Katy Weber 10:10
of the things I'm very open about it This podcast is like, I don't really know what we're talking about a lot of the time, right? Because it just sometimes feels like, is it everywhere? Like, what does it look like? Am I miss reading this? Am I you know, all of those questions that we tend to ask ourselves over and over and over again, which was like, how much was I struggling? How much am I struggling? Right? Like when you were talking about having a system for that I remember that very clearly going to my doctor for my ADHD diagnosis, and like talking about the fact that I don't lose things, because I have like these very, very strict systems for everything. I'm realizing that that's also part of the diagnosis, right? So it's, it doesn't always look like you're being lazy or procrastinate, like some of us are very, very rigid and hyper organized. And we love spreadsheets, and like, that's another side of it. So then I'm sometimes I'm like, Well, wait a minute, is it everywhere? Like, are we confusing this with something else? Right, what are we looking at here? Yeah. And so I feel like I've tried to be very open and honest about the fact that I've really have the answers. I don't know if anyone does. And we're all kind of trying to figure this out together. And that's it's very validating for me when I talk to clinicians and therapists and psychologists who are sort of like, Yeah, this is, this is something we're all really trying to figure out in terms of this course correction, or whatever you want to call it, where we're all realizing what this neuro divergence looks like, and how it presents

Ali Barton 11:38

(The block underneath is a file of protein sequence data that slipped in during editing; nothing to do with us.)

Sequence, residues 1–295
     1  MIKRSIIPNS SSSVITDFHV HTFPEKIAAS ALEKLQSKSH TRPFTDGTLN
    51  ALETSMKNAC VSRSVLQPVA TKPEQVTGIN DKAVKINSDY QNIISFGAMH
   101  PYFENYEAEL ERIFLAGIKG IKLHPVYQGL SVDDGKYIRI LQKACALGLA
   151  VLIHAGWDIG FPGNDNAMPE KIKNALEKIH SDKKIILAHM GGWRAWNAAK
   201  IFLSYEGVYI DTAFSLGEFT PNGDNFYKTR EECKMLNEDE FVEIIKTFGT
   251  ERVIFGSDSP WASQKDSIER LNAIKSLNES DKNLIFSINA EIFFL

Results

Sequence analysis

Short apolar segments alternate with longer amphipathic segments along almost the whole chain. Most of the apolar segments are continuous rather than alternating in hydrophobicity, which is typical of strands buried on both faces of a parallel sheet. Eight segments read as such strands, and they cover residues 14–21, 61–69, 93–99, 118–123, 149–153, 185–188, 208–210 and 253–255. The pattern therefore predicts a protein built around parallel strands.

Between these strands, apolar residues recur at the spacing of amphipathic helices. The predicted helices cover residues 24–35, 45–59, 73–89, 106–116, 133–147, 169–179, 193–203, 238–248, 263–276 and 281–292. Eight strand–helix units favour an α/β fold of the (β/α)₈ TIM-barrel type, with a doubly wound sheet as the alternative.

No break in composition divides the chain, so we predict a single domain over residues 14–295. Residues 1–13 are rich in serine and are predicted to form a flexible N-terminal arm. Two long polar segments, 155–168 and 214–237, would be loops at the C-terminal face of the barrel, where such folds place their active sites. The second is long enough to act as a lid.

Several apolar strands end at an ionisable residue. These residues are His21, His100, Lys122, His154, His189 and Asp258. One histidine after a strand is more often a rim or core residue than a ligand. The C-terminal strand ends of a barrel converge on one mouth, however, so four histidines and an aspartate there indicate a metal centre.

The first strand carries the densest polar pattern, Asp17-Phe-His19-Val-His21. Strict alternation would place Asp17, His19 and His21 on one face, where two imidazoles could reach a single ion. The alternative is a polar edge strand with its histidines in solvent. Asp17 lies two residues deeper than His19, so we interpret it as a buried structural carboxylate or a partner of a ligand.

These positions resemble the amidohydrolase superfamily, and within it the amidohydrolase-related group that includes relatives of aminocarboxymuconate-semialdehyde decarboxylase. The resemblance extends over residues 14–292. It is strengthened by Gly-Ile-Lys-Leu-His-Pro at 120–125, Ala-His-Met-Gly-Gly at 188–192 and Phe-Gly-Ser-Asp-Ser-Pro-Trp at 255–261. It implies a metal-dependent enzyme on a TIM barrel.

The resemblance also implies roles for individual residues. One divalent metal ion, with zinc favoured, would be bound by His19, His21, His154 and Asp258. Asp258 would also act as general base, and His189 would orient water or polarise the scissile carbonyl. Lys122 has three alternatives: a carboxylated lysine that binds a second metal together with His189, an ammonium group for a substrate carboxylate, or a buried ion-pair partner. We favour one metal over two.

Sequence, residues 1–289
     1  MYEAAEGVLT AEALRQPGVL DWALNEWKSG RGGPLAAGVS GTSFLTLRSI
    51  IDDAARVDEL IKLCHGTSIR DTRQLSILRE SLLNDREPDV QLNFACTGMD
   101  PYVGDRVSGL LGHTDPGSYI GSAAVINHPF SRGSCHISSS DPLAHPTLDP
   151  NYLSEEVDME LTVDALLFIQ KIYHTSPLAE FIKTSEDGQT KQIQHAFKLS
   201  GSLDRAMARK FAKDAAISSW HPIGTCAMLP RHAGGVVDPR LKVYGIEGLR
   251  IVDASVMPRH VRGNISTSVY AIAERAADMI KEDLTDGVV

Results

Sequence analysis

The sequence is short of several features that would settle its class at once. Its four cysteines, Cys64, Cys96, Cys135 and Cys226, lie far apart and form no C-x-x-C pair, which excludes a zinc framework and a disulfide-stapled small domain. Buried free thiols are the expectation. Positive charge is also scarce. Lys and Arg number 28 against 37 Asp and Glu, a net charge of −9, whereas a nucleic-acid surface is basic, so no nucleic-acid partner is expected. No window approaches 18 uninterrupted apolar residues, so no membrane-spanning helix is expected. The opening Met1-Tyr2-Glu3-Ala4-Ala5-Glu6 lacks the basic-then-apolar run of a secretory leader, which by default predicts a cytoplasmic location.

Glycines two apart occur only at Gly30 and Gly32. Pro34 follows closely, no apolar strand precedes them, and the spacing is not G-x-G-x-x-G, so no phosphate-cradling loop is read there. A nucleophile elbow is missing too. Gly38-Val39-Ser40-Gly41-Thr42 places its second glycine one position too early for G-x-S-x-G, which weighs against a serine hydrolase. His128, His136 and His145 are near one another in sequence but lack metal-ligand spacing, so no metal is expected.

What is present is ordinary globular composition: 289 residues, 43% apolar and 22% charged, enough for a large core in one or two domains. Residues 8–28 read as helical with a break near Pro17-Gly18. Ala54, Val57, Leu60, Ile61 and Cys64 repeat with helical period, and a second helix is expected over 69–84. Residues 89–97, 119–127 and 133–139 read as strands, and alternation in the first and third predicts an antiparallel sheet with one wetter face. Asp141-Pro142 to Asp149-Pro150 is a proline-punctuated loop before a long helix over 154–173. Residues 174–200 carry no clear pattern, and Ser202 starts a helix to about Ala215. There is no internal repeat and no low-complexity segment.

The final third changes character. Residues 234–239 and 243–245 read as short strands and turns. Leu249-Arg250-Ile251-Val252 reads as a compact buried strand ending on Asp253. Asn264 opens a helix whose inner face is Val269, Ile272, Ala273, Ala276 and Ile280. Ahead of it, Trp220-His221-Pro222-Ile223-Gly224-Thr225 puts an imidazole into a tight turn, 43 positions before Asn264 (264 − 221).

those little questionnaires that your doctor's office asked, which I think, you know, people are advocating to get these questionnaires altered to reflect more of kind of what it looks like for adults, I would love to see one that reflects more what it looks like for women specifically. There's a really great book called Girls and ADHD. And there's like a 50, you've probably read it before. But there's a I think it's Kathleen, the DOE wrote it amongst two other authors. And there's a 50 question, thing for girls and women specifically. And then there's different questionnaires for different age groups. And that's when I realized I don't like that looking at that was like, Whoa, this is so different than me as a kid and my son. And so that's why when I'm doing assessments now, I do think and I'm sure you agree with this, it like takes one to know, one, you can be having a conversation with a new person, and pretty quickly go, they probably have, right and so I have clients that come in, for anxiety, for depression, for eating disorders for all these things. And I never in the first session with someone would say, Hey, have you ever wondered about this, but it usually a couple sessions, and I'll get a good idea. But if I give this standard questionnaire that says, Are you messy, disorganized? Do you lose things? Are you jumping out of your chair like these, these DSM diagnostic criteria don't reflect our experiences, women, maybe for some people, but I will say something along the lines of Do you either lose your stuff constantly? Or do you have a specific location where your keys, your wallet, your purse? Because you know, you're gonna lose them if you don't put them in that spot? And that's when you start getting to the good stuff of like, Yes, I do I have it has to go in the drawer right when I walk in the door. Because what right and so it's a lot of women are exceptionally good at masking. Because we learn that it's not funny or cool to be a hot mess. And it feels like that a lot of the time. And for me, what pushed me over the edge is having kids and we hear this from so many people like I could handle myself. But as soon as I had to remember to bring diapers and a cooler for milk and snacks and wipes and all of these things, it was like, Whoa, what is wrong with me? And you sat in a podcast one time that stuck with me so much. I'm almost positive you said this is if you're asking yourself multiple times a day, what is wrong with me? neurotypical people aren't doing that if it's about like, the losing stuff, and the forgetfulness and all of these things that we do. But I was that mom at the playground, that it really looked like I have my stuff together. But my kid would have an act, you know, would go in their diaper. And I'd have to be like, does anybody here have a diaper? And what right like that was constant? And then that was what is wrong with me? Am I a bad mom? Why can't like all the other moms have band aids in their bags? My kid gets a scrape and I have to go does anybody have a band aid? It's all of those things. And then when we added a second kid, it was like, I'm actually losing my mind. Like, I don't know whether I'm coming or going. I don't know what day it is. We missed this class. We missed that class. We had a doctor's appointment where it was an hour before I thought you know, it was like, constant. But I just thought that that was like what being a mom was like, kind of even though the back of my head was like, everybody else seems to kind of be able to do this without this much distress. And over now what I know to be kind of overstimulation from the constant interruptions and the noise and the crying and the not being able to figure out what's wrong like all of these things that were so hard. Now make a lot of sense.